Me too, but as I said it is disputed whether it is actually his so I'm hesitant to attribute it to him.

"Behind every great pirate, there is a great butt."
-Guybrush Threepwood-
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20-12-2013, 08:05 PM
RE: I wanna talk about Epicurus.
Are there some good online resources (books are good too) for learning about ancient philosophy/philosophers? Modern philosophers tend to have comprehensive books where they write all about a subject, but for ancient philosophers I just keep finding scattered questionably sourced quotes or biographies.

If something can be destroyed by the truth, it might be worth destroying.

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20-12-2013, 08:20 PM
RE: I wanna talk about Epicurus.
(18-12-2013 02:59 PM)undergroundp Wrote:  Me too, but as I said it is disputed whether it is actually his so I'm hesitant to attribute it to him.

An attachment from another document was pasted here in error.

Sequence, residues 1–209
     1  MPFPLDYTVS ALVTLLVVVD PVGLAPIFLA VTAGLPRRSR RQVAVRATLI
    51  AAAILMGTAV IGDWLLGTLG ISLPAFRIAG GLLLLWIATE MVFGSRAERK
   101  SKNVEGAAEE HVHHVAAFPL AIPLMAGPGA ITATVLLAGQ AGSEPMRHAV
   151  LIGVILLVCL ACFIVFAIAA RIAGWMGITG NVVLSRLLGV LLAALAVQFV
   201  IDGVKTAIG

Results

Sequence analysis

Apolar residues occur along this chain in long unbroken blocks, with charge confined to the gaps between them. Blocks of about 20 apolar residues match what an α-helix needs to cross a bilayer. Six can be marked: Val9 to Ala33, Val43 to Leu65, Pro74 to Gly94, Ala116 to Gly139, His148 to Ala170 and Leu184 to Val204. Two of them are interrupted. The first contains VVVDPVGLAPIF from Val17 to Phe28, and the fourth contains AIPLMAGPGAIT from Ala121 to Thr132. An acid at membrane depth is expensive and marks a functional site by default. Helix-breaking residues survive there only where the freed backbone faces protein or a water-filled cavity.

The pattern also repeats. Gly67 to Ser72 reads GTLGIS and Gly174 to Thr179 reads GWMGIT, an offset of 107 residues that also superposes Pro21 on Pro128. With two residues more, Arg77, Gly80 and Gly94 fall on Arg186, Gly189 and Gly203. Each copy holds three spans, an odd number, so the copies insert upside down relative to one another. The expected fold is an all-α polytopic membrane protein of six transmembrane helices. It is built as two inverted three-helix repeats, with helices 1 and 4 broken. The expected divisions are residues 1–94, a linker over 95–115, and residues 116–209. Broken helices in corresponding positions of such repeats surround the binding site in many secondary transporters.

Hitchens used to quote Aristotle, and when he did he said something like: "It's disputed as to whether he existed, but it makes no difference because the argument stands on its own"

Christians have always had trouble with Epicurus, even in the 16 century the lutheran and the reformed confessions go out of their way to rebut the epicureans. It makes you realize how strong his arguments were that a bunch of arguments within christian europe found it necessary to deal with epicurean philosophy.

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20-12-2013, 08:26 PM
RE: I wanna talk about Epicurus.
Xtians are in trouble as soon as they get away from their own bullshit story.

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20-12-2013, 10:53 PM
RE: I wanna talk about Epicurus.
No matter what forum or Facebook meme that mentions Epicurus there's always someone who says, "He didn't say that." or some variation when it comes to the god-evil philosophy. It's interesting to me because at the moment I'm in the middle of an email debate with a theist regarding the gospels and whether they were written by their namesakes. My theist debater asked what proof we have that Homer wrote his works, etc. I told her while she brought up a great example, the major difference is an entire religion doesn't hinge on the authentic attribution of The Odyssey, or the eternal well-being of an entire planet's species isn't at hand if an imposter wrote the works attributed to Homer, and people don't kill other people over his works. So, as for Epicurus, I take the Hitchens POV, the argument still stands even if an ancient Smurf said it.